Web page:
Thomas Carbin's daughter opened the door of her father's apartment Monday, above a battered Westville bar, and found the burly ironworker's dead body slumped in a chair.

Carbin was last seen alive Sunday night by a friend who visited his place above Tower Tavern, according to the Gloucester County Prosecutor's Office, which has ruled the death a homicide.

On Monday, Carbin's black 2006 Chevrolet Colorado pickup was parked outside the gates of a nearby ironworkers' union hall, hours after his body was discovered about 1:15 p.m., officials said.

His death has puzzled Carbin's family. He didn't allow his friend inside Sunday because he said he had company, according to Christine Brennan, Carbin's sister-in-law.

His 18-year-old daughter used her key to enter the locked apartment, where Carbin lived alone.

"It's over 24 hours now, and we know nothing," Brennan, of Deptford, said Tuesday. "We are trying to figure out who would do this. Tom was a fun-loving guy. He always made people laugh."

Carbin, 54, was unemployed and went almost daily to the local ironworkers union office, a half-mile away on Crown Point Road, to look for work, said Richard Sweeney, the union's business representative and financial secretary.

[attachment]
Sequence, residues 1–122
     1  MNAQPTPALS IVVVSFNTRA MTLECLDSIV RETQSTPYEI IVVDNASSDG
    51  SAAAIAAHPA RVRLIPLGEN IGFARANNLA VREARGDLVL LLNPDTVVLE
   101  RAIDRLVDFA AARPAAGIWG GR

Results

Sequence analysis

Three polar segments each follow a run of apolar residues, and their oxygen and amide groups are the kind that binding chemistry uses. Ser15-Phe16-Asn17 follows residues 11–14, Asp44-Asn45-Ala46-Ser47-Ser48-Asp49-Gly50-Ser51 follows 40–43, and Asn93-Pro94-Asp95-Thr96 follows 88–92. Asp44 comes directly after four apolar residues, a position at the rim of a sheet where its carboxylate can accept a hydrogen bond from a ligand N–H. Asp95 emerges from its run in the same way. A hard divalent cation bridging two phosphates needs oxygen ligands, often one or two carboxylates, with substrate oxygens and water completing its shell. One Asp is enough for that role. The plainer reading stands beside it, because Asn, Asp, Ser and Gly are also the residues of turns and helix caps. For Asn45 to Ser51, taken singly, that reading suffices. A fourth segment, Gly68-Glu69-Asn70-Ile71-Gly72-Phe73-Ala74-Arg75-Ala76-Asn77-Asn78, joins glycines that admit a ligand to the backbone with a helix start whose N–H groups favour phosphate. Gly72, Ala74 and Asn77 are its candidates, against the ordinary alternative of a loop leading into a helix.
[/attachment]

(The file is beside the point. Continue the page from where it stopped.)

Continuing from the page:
The welder and pipe fitter would show up around 5:30 a.m., sign in, and wait until about 7:30 a.m., Sweeney said.

But Sweeney, who usually gets to the hall around 4:30 a.m., didn't see Corbin on Monday. About 10, he noticed Carbin's black truck parked outside.

"I don't know how anybody could do that to him," Sweeney said. "He was such a big, strong guy."

Gloucester County authorities wouldn't say how the Westville native had been killed. Autopsy results are pending.

Authorities declined to confirm details provided by Carbin's family.

Brennan said Carbin's daughter, Christina, a senior at Gateway Regional High School, often checked on her father, who had heart problems.

"She was like Daddy's little girl," Brennan said.

Carbin was sitting at a desk in front of a computer when Christina found him, she said.

Carbin and his daughter had planned to meet Monday morning, authorities said.

Because of his history, Carbin had stopped smoking and was trying to live a healthy life, Brennan said. "Even though he lived above a bar, he wasn't a drunk," she said.

Carbin was separated from his wife, Renee, but had a good relationship with her and their two children. The couple's son, Thomas, 21, works for the borough, Brennan said.

Carbin lived less than a half-mile from his family.

"He was a true gentleman," Sweeney said, "just a nice guy."

Contact staff writer Darran Simon at 856-779-3829 or dsimon@phillynews.com.